"But we are competing in a sport that is undergoing significant change having come face to face with today’s harsh economic realities. Under resource restriction, convention will become too costly and necessity really will be the mother of invention. I have absolute belief in the digital design process and the opportunity to put the all-CFD approach to the test at the highest level - to demonstrate that this could be the way for the future of F1 - is very, very exciting.”
Providing a more detailed insight into the new car, hecontinued: “The VR-01 is the product of an intensive exploration and appraisal of all the factors that go into creating a great racing car, coupled with the more specific parameters of the 2010 Sporting and Technical Regulations.
"The chassis design implications created by the refuelling ban were obviously considerable. The requirement to carry the entire race quantity of fuel creates significant packaging and optimisation challenges.
"Similarly, the reduction in the width of the front tyres and the effect that will have on front-end grip called for extensive modelling and simulation work since we had no data to refer to from previous years. “We believe we have achieved a car that has first-class design integrity and which will benefit from a high degree of aerodynamic efficiency and stability. Reliability has been a major focus and all key areas comply with the FIA safety regulations and crash test requirements for the impact structures – the nose, monocoque, side and rear impact structures - which are particularly stringent in light of the increased fuel load.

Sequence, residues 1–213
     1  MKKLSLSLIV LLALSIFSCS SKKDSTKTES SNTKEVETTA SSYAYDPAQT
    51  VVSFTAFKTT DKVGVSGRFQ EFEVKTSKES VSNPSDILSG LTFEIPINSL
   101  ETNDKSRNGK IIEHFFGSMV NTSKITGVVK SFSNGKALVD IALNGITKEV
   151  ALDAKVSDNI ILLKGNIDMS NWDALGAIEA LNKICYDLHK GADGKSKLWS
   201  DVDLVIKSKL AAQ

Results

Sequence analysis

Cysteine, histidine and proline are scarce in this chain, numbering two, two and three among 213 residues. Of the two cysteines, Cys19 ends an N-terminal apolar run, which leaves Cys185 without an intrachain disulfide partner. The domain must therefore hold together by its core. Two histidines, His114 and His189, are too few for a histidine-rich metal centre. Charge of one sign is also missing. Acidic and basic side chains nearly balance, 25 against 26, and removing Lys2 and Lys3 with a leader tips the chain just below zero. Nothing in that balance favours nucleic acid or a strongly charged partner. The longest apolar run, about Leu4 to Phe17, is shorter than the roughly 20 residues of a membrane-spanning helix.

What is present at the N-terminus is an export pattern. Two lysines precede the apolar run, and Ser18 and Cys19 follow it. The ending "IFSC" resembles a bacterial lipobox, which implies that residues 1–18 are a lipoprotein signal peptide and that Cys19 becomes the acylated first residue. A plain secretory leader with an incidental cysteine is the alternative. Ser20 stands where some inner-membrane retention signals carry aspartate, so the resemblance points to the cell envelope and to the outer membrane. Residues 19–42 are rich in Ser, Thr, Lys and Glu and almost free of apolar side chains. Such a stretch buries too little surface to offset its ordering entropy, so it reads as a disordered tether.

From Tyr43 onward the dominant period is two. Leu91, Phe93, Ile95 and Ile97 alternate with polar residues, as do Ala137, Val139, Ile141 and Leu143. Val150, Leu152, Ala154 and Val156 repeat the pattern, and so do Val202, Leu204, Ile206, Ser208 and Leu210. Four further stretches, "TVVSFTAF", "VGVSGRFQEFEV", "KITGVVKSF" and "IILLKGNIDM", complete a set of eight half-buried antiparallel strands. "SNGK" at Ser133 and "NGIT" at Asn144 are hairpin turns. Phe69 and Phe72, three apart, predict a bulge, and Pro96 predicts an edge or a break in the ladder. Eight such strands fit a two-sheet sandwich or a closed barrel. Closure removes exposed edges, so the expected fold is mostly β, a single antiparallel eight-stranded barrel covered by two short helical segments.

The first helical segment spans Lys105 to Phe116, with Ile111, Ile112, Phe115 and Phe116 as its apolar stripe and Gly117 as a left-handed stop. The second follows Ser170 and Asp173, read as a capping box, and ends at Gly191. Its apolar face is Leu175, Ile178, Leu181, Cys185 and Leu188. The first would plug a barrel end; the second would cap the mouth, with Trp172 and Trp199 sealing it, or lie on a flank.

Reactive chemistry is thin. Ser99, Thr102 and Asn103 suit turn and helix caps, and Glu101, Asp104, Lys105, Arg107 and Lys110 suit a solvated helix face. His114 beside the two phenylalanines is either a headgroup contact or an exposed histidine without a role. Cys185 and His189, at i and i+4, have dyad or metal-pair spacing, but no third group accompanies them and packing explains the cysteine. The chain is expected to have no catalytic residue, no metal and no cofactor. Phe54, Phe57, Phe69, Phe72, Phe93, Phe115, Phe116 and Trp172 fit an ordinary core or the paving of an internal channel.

Paying tribute to the team behind the team, Wirth said: “We have assembled a fantastic design and engineering group, the calibre of which I could only have dreamed of attracting when we first started out on this journey.
"They bring an exciting blend of youth, experience and creativity, which is an important part of the make-up of the wider Wirth Research group. Our combined strength in depth ensured we were able to maintain a calm, methodical approach despite the challenging timeframe we were working to.
"I’m particularly happy that Wirth Research has remained ahead of the game throughout, with chassis manufacture, gearbox design and casting, crash testing and other long-lead processes all coming to fruition well within schedule.
“We are a serious racing team with serious ambitions, so we aren’t going to try to run before we can walk. The starting point is to try to run reliably, safely and efficiently and be the best of the new teams. Then we will start to bring performance to the car through a continuous development programme in computer simulation.
"We fully expect to encounter issues along the way; CFD is an approximation – as is scale-model testing. In both cases, it is only when you hit the track that you can really appreciate the effect of factors that are tricky to model with any technology such as the effect that the real stiffness of all bodywork components and joints has on the airflow for example. "We’ve done all of this before on both closed and open-wheel cars, so I’m pretty confident in the accuracy of our predictions and looking forward to seeing how our starting configuration performs on the race track."
“We have two very focused and determined race drivers in Timo Glock and Lucas di Grassi. The significant effort they have been putting in behind the scenes over the past couple of months in the simulator will prove invaluable as we start to translate our development work to the track-based testing phase.
“It is also fantastic to be working with Cosworth as they embark on a new chapter in their F1 history. They are a strong company and I had the pleasure of racing against them when we were working in Indy cars, where they did a super job. The CA2010 is a nice package and the Cosworth engineers seem very determined to prove themselves again. I’m sure people will see that Cosworth have done a great job.”